Artificial Insemination

I have been using AI for about 12 months now, after receiving a video from the American Budgerigar Society featuring Dr Bob Cave.

I have used AI to supplement fertility, when cocks were scared, runners, too big, have no sperm or hens that are box-bound, have injuries etc.,. I soon found that the overwhelming reason for infertility was that the cock did not have sperm. I have read many articles on fertility for budgerigars where they go on about nutrition, vitamins, overcrowding, trimming vents, square perches and many other ideas. All of these issues are usually good for budgies, so I agree we should carry them out, but they really have nothing to do with egg fertility. If you wish to achieve fertility, all you need is sperm inserted by AI in the correct way, and the hen lays a normal egg. This egg is then incubated for about 3 days and it will be fertile.

I usually have 70 pairs up at a time. After waiting about 10 days the hens start laying. I then check the cock birds for sperm. I (and other friends) have found that only 55% of cocks have sperm, so that means starting out with only a possibility of 55% of eggs being fertile, that is if the cock has mated properly.

You will not achieve fertility if your hen lays those rough eggs that lack calcium. These may start out fertile but soon addle, as they are far too porous and easily allow bacteria in. When a hen produces these porous eggs, I use Vetafarm Calcevet, a couple of drops direct to the beak. If the eggs do not improve it is usually that the hen is too old or something is wrong with her system.

Male sperm can be “recycled”, there was an article in Budgerigar World (I think) a couple of years ago, but I have not been able to find it again. I have found that some budgies have sperm every day for 12 months. Others for 1 month then not for 3 months then again for 2 months. I would say on average, cocks would have sperm for about 5 months of the year. The testicles of a budgie are deep inside the bird. There are tubes that take the sperm to an area just below the anus where it is stored until it is used when mating. This is how we are able to collect the sperm with a capillary tube. The tube must be plain not Hebron-coated as Hebron is toxic to sperm. You may be able to obtain them from your chemist or local hospital, but remember, not Hebron coated. Do not try to re-use these tubes, they are clean but are not sterile.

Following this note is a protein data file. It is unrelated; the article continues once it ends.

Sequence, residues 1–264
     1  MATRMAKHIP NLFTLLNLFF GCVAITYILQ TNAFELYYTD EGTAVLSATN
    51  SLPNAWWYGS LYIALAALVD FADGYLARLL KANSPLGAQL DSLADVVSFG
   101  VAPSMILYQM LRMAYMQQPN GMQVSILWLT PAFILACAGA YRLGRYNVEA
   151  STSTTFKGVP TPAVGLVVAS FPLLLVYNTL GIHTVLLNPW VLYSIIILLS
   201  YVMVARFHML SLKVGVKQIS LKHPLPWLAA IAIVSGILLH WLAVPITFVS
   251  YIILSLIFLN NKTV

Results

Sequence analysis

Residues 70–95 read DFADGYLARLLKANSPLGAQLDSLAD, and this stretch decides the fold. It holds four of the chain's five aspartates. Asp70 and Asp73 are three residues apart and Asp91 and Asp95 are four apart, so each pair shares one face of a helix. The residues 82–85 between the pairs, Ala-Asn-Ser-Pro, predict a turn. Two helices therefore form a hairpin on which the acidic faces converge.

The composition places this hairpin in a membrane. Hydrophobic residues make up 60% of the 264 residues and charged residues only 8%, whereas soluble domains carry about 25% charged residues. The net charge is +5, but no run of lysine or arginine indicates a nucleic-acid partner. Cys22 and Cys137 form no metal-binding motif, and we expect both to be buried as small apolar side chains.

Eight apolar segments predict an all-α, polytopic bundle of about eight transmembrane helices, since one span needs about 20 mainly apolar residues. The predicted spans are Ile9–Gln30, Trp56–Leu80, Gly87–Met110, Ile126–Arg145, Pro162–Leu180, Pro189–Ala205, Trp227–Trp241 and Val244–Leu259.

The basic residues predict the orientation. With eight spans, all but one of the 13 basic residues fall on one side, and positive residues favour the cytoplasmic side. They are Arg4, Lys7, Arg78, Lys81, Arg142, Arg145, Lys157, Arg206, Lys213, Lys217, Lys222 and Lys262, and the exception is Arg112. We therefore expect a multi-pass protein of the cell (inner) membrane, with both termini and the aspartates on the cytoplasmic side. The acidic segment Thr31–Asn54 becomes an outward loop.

Once you have practiced obtaining the sperm it is very easy, as long as there is sperm there to collect. You use a soft squeezing motion drawing up from just under the anus. If you don’t obtain semen after about 6-7 squeezes the cock probably does not have any sperm to give or he may have just used it? So check again tomorrow (early in the morning). I usually collect after work at about 7pm. I wait for the first egg to be laid, then check the cock for sperm. If he has sperm I collect it and put it in to the hen, just in case the pair have not mated properly. I then mark my box card with AI and the date. If the cock has no sperm, I use the next best-suited cock that has sperm, and mark the card with the Ring No of the cock as well as AI and the date. I can now hear you asking how do you know who is the father. You use the same method as when shifting an un-rung chick. I believe it is better to have the chick and not know the parentage than not have the chick at all.

You cannot put sperm on a hen’s tail and expect fertile eggs to fall on the floor. You must put up a pair in a box and get both birds in the “laying mode” Sometimes you may wish to put a cock over a couple of hens and this can be done by putting up a pair in one box and another hen in a box by herself or with an infertile cock. If you knew when the hen was exactly going to lay her first egg, she would be swollen enough to AI her 2 days before. If you wished to make sure her first egg was fertile.